“The younger horses – the now 9- and 10-year-olds – won’t have got that much experience if their riders were looking towards the Games this year,” Lampard says. “At this stage, these horses will probably rather be looking at the European Championships in September. I think it’s fantastic that Ludger and his team are hosting the Europeans; it’s such an opportunity for the riders to work towards – especially the youth, new partnerships and the more experienced riders with maybe different or younger horses. Now, the door is open to more horse-and-rider combinations to show consistency and to perform, leading up to the selections for the Europeans and the Longines FEI Nations Cup Final in Barcelona, which is a fabulous competition. It is exciting that everything is finally getting going again and it’s been great going to shows – finally meeting colleagues and friends, who I have really missed.”

 


I think everybody is feeling this last year in one way or the other.


 

“We have a great blend of youth and experience in our squad this year,” Lampard tells. “Our two highest ranked riders have taken different approaches during these very challenging times. Ben Maher has been in Florida for the past twelve months preparing his team for the summer campaign and it’s great that he is now finally home. Scott Brash has managed his team really well from his home-base, already showing progressive top results.”

“At the moment, we have twelve horse-and-rider combinations on our long list,” Lampard says. “All together, the riders that are higher ranked will have enough shows coming up to prepare for the Olympics. Also, there is now a new route towards Tokyo; the FEI has released that the Europe Division 1 countries can compete at three of the four remaining CSIO5* Nations Cups in the calendar. Although this has been announced late and caused more changes of plan, this will be of great help to the Brits. We previously only had St Gallen and Sopot before selections on June 22nd. Instead of taking ten partnerships to two shows we have the opportunity to now take 12 partnerships to three shows which includes La Baule. The three Nations cups are now consecutive, however with a rotation of partnerships we have to look at the positives and hopefully the horses will be fresh and peaking towards the Games.”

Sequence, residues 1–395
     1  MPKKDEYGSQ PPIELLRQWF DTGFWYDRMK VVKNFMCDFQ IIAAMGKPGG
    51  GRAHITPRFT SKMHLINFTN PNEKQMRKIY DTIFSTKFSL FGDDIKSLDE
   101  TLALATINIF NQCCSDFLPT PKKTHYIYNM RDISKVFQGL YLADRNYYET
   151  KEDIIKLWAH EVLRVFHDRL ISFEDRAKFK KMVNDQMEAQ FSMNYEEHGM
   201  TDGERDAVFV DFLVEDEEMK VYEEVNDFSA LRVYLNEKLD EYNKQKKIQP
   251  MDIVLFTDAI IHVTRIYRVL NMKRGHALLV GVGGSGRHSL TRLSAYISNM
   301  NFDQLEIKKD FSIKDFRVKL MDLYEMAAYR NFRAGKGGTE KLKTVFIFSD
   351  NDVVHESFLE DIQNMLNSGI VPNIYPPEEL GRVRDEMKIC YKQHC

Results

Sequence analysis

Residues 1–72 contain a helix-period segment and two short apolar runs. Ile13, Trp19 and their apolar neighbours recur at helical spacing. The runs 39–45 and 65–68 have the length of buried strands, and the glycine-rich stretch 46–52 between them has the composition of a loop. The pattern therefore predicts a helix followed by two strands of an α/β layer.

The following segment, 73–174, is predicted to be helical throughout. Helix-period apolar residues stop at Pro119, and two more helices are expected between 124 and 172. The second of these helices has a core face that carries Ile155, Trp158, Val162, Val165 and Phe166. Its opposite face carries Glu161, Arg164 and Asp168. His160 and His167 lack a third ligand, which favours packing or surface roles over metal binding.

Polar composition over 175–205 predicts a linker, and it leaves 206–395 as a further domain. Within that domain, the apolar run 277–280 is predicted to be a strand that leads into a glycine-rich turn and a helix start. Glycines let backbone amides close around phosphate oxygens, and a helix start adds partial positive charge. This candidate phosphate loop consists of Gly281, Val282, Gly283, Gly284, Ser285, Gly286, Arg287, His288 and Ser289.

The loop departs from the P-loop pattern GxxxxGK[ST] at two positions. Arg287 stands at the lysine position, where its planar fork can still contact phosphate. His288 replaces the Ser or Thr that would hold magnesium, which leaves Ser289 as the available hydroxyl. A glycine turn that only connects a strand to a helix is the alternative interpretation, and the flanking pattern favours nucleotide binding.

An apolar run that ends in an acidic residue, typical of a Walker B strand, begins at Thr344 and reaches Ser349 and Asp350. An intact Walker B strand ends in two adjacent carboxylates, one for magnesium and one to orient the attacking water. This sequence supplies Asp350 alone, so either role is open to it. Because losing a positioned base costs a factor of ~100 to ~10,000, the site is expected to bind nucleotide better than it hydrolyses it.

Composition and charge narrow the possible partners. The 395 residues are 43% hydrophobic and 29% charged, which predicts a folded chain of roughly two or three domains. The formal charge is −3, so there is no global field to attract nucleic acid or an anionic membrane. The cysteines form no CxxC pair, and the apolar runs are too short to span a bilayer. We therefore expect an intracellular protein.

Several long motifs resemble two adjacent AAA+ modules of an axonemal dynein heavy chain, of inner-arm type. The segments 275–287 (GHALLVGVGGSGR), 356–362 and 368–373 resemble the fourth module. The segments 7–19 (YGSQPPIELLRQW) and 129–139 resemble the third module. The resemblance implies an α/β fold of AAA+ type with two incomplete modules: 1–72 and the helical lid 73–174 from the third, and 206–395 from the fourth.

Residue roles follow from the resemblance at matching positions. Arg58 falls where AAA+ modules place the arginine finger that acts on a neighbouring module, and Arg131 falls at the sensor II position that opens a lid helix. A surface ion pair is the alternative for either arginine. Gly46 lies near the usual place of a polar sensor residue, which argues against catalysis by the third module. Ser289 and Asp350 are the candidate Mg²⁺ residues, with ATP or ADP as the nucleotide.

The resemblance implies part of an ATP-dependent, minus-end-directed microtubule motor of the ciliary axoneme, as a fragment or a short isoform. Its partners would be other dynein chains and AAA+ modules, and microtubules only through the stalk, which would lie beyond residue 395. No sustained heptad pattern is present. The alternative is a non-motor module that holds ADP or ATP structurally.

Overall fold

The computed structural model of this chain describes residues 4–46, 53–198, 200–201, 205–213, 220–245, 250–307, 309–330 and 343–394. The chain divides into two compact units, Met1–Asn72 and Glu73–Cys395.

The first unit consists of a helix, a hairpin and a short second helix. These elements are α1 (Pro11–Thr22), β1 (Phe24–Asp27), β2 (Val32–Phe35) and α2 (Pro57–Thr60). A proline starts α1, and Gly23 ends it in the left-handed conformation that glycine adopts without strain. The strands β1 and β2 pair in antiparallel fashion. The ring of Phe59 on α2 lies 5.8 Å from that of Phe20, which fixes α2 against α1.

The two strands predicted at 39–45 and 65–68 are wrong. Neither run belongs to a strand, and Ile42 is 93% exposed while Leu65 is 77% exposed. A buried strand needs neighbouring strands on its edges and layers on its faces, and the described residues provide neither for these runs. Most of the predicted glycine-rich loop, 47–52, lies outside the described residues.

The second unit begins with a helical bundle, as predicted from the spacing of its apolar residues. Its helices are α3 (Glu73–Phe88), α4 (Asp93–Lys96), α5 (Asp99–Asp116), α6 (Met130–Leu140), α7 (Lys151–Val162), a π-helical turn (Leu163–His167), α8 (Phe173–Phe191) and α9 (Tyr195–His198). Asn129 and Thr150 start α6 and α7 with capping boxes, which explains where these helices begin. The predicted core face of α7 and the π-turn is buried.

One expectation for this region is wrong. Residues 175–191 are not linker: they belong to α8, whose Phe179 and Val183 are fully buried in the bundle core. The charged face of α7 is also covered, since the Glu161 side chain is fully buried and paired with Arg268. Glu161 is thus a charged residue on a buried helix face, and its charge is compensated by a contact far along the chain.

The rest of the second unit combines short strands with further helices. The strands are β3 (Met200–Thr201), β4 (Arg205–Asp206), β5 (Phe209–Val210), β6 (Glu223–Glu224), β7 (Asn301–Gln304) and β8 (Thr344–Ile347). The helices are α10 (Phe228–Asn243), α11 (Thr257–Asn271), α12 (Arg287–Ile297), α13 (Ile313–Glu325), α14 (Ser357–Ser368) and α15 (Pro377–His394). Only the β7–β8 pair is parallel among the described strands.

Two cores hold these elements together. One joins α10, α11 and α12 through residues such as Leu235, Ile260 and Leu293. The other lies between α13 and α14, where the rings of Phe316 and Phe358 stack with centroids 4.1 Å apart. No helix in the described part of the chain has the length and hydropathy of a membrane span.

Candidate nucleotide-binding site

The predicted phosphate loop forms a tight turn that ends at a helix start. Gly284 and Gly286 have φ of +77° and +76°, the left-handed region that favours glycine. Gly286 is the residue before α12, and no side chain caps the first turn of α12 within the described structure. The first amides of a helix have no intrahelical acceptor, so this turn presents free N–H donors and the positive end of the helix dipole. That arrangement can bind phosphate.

“The selectors will also take other CSI5* into consideration as some riders have more opportunities along with the GCT events. The team will come together during our three Nation Cups and hopefully picking itself! Getting the riders working together is essential ahead of a championship, there have been occasions where some of the best teams had fantastic team spirit to carry them through to medals. I also believe it’s important that everyone is focused and relaxed because when you are in the correct mindset, that’s when you perform at your best,” Lampard says. 

 


The team will come together during our three Nation Cups and hopefully picking itself!


 

“Hopefully, we will have all of our Olympic riders competing on home ground at Windsor ahead of going into PEQ. When the team comes home from Tokyo, we have the GCT in London – and both events will be a good boost for the sport in our country,” Lampard says. “We need to build up more international 3*and 4*shows in Great Britain to produce partnerships for the future, enabling us to be better prepared and keep up the ranking list without having to travel to Europe frequently between targeted shows,” Lampard closes off.